Many people, including eminent biologists, struggle with the concept that some life forms are more evolved than others.  It’s not particularly controversial to say humans are more evolved than Australopithecus africanus, because the latter is extinct, and thus humans are the product of an extra two million years of evolution.

Much more controversial is claiming that one extant life form is more evolved than another.  This is because many scientists view all extant life as not a linear chain of ancestors to descendants, but rather cousins who are all parallel forms of time tested evolutionary success.

When creationists say to biologists “if humans evolved from apes, why aren’t apes still evolving into humans?”, the biologists laughs at the creationist’s ignorance, and says humans did NOT evolve from apes.  Rather humans and apes share a common ancestor.

But what few biologists grasp is that humans really did evolve from apes (in the popular sense of the term).  True, we did not evolve from any extant ape like gorillas or chimps, but if we could clone our ancestors, most people would describe them as apes.


Of course the scientist would say:

Well technically, the common ancestor is no more genetically related to modern apes than it is to a human.

That’s true if you measure genetic relatedness by neutral DNA, which, because it changes at a consistent rate, serves as a molecular clock measuring time since divergence from a common ancestor, but it’s perhaps false if genetic relatedness is measured by substantive DNA, which changes as a function of selection pressures.

Who is most evolved?

In order to determine who is more evolved than who, you need to look at the evolutionary tree.  If you’re the first branch, and you don’t do anymore branching, then you are less evolved than higher branches.

At the highest taxanomic level, there are just tree domains of life: Bacteria, Archaea, and Eukaryota.  Humans are eukaryotes and thus are more evolved than bacteria, which branched off prematurely:

Among eukaryotes, there are at least three major divisions: plants, animals and fungi.  Plants branched off the evolutionary tree first, making them less evolved than us animals:

Among animals, us chordata are most evolved:

Among chordates, us mammals are most evolved:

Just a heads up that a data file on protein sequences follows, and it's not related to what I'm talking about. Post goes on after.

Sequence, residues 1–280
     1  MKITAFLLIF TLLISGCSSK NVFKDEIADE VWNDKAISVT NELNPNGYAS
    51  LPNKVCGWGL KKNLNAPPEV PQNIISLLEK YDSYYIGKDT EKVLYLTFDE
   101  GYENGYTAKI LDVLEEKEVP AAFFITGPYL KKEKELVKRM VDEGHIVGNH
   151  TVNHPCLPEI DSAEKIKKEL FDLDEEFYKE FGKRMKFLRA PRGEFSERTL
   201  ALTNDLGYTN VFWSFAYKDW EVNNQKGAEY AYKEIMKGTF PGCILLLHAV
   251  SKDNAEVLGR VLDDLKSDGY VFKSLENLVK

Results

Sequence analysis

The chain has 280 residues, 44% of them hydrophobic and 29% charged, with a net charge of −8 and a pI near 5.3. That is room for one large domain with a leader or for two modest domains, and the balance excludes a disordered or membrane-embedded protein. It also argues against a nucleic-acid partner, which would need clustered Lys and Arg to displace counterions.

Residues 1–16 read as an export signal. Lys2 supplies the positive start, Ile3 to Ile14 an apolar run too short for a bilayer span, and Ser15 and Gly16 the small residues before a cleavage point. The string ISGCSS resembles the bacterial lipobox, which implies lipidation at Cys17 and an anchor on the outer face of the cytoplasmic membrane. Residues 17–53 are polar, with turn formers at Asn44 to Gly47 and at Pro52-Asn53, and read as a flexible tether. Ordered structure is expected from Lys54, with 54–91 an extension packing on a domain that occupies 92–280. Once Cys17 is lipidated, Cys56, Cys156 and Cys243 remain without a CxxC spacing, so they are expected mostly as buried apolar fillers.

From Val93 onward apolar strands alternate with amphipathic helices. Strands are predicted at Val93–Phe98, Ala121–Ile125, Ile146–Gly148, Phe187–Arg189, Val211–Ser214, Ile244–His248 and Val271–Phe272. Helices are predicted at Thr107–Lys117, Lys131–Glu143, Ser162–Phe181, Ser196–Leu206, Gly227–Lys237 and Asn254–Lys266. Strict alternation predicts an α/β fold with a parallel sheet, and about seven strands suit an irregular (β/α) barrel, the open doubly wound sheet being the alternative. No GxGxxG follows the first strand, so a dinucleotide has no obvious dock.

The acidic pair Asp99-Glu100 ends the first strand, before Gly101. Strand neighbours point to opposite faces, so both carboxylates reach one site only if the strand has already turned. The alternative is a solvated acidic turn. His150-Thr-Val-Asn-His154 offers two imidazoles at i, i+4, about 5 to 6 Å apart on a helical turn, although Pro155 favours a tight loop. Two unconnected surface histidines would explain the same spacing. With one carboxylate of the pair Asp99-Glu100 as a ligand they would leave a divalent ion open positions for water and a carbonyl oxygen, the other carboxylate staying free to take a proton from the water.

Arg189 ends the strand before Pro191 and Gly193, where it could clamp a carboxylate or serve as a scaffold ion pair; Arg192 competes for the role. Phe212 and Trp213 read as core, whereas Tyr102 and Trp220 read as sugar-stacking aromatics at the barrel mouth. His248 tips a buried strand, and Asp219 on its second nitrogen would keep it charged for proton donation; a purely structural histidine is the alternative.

Among mammals, us primates are tied for the most evolved:

Among primates, “homos” are most evolved:

Among homo, we see that Homo Sapiens and Neanderthals are tied for most evolved:

Among Homo Sapiens, it seems Northeast Asians and Arctic Asians are tied for most evolved.

A genetic tree created from page 119 of L.L. Cavalli-Sforza's book "The Great Human Diasporas"

A genetic tree created from page 119 of L.L. Cavalli-Sforza’s book “The Great Human Diasporas”

Of course this is uncertain because it seems Sfroza somewhat arbitrarily divided humanity into nine races (I prefer a three race model).  A different classification scheme might have resulted in a different race being more evolved, though the same criticism applies to almost every phylogenetic tree.

Does more evolved mean superior?

Scholar J.P. Rushton is quoted as saying that from an evolutionary perspective, superiority can only mean adaptive value, if it even means this.  Humans are perhaps the most evolved animal on Earth and we are arguably the most adaptable, but there are also very unevolved life forms that are extremely adaptable too, like cockroaches for example.

But if evolution is all about trial and error, life that emerges later should, on average, be more adaptable than life that appears earlier, and yet cockroaches, one of the oldest forms of life, has stood the test of time.

How do we resolve this paradox?  One possibility is that the more primitive organisms benefitted from coming first and thus monopolizing the low hanging fruit: those ecological niches that were easiest to adapt to.  More complex newer life forms might be more adaptable in principle, but all the good real-estate has been taken.